Time is not an infinite resource. If you waste even one hour, you cannot recover it. You cannot replace it. Time is perishable.
It is simply gone forever.
Take time to practice being conscious of how you ‘invest’ your time. Consider the actual number of minutes you spend engaging on your work and activities throughout the day. Ask yourself:
- Am I fulfilled?
- Did my activities serve my goals and me?
- Did I invest in myself?
- Was my time on task meaningful?
- Did it deliver a daily impact?
- Was I able to drive my business forward?
- What was the ROI of my time?
If your ‘self’ is lagging, and not delivering measurable outcomes, perhaps it is time to evaluate:
- Time Blocking Strategies
- Desired Results
It can be uncomfortable to sit with yourself to examine your processes and achievements but as you begin to reveal your ‘soft spots’, you have the opportunity to create pivotal growth. This assessment initiates a deeper dive beyond the concept of time management. There is more than just the time in your life. In “It’s Not About Time”, David Allen called it self-management.
“The savvy know self-management is really an issue of what we do with ourselves during the time we have. Self-management is about knowing what to do at any given moment. It’s dealing effectively with the things we have to do to achieve our goals and fulfill our purpose.
Managing oneself may offer greater insight than simply thinking about managing your time. What we value is what we spend more time doing. You will always pay more attention to, and spend time on, what you value most, whether it is your family, career, health, social life, sports or social media and technology. It is only by looking at how you spend your time that you will know what is important to you.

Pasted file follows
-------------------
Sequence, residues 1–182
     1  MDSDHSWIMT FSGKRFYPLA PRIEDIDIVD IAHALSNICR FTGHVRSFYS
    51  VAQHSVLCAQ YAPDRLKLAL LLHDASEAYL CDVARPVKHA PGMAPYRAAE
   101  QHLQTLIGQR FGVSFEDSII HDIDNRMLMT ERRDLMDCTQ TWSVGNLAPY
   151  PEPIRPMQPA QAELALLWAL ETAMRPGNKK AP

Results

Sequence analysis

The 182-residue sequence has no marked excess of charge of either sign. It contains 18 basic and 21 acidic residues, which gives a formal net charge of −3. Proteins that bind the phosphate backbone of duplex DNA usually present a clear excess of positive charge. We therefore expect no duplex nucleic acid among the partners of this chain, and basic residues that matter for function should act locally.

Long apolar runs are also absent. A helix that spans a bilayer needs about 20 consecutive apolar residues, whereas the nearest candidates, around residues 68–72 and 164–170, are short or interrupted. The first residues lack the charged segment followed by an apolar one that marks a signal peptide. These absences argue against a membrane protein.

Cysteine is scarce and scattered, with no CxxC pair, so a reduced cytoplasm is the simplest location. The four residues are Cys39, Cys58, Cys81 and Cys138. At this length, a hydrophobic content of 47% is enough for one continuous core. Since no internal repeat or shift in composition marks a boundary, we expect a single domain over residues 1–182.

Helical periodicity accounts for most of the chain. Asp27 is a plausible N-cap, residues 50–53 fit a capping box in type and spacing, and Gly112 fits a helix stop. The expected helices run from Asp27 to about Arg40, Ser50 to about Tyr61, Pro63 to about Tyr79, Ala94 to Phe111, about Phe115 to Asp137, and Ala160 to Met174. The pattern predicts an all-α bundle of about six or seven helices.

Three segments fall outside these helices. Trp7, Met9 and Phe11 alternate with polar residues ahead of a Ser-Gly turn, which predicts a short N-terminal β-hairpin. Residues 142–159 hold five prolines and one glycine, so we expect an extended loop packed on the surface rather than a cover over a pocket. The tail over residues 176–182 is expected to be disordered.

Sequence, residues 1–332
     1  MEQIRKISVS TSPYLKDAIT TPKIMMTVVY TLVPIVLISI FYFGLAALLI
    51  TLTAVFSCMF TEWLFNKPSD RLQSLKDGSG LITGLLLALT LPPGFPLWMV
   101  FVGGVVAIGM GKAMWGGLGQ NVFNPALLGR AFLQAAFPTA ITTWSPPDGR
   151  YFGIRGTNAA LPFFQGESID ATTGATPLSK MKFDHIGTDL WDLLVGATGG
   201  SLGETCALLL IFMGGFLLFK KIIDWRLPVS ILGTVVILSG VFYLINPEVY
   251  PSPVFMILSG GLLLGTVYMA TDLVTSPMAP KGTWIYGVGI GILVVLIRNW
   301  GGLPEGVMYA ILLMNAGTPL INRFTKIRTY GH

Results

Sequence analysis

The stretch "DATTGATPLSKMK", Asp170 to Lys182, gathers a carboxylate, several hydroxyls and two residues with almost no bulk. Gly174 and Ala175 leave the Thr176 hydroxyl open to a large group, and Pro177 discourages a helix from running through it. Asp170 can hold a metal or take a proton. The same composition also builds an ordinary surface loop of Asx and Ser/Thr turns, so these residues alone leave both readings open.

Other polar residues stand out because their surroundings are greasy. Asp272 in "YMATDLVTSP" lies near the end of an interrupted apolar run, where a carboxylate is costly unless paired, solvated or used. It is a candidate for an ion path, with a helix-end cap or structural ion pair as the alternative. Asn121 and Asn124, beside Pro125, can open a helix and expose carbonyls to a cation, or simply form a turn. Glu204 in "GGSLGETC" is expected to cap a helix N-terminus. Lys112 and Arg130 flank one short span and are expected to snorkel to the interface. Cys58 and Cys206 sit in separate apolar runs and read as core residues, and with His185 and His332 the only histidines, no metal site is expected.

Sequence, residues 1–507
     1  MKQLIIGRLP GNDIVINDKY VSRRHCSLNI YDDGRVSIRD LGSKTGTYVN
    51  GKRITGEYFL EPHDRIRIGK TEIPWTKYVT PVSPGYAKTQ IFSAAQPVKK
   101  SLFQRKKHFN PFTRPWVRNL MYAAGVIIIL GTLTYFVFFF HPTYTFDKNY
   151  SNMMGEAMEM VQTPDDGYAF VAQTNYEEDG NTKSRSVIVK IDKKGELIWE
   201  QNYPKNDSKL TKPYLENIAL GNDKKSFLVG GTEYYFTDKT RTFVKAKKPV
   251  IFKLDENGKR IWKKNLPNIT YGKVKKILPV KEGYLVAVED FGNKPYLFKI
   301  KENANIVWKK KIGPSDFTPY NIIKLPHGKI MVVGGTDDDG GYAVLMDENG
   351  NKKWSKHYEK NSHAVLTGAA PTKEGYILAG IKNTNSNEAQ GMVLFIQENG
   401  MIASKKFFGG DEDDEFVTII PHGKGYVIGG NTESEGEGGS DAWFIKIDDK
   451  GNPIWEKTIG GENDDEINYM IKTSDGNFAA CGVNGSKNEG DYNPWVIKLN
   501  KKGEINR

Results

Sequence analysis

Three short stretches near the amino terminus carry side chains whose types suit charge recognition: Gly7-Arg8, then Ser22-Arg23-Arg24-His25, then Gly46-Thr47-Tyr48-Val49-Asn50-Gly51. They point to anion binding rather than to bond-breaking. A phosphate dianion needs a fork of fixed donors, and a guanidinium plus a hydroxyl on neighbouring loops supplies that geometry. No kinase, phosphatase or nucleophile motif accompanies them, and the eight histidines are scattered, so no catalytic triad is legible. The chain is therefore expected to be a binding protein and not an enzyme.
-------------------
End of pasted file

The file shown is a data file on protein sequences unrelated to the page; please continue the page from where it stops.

Weigh the return on investment of the time you are spending on an activity or project. Is it the best value of your time? Is it a diversion tactic to avoid a difficult project? What are you getting out of it?
Self-discipline accompanied by self-management help to drive your time more effectively and efficiently.
A moment lost, is gone to the ether.
In an article by Anthony Iannarino, “Return On Time Invested,” he suggested measuring each activity, the time you spent, and the return. If there was no return on your time, then you must realize that that task or activity is not worth doing. A better use of your valuable time is to focus on those activities that produce a desired, profitable and rewarding outcome.
Leveraging your time and effort is a fundamental strategy for success. You can:
- Eliminate unnecessary activities
- Prioritize so you focus your energy on those tasks that provide the highest rate of return
- Set long and short term goals with action steps, motivating you and keeping you on target
- Learn how to effectively delegate
- Outsource non-core tasks/projects
Let’s close with a quote from Jack Canfield,
Most entrepreneurs spend less than 30% of their time focusing on their core genius and unique abilities. In fact, by the time they’ve launched a business, it often seems entrepreneurs are doing everything but the one thing they went into business for in the first place.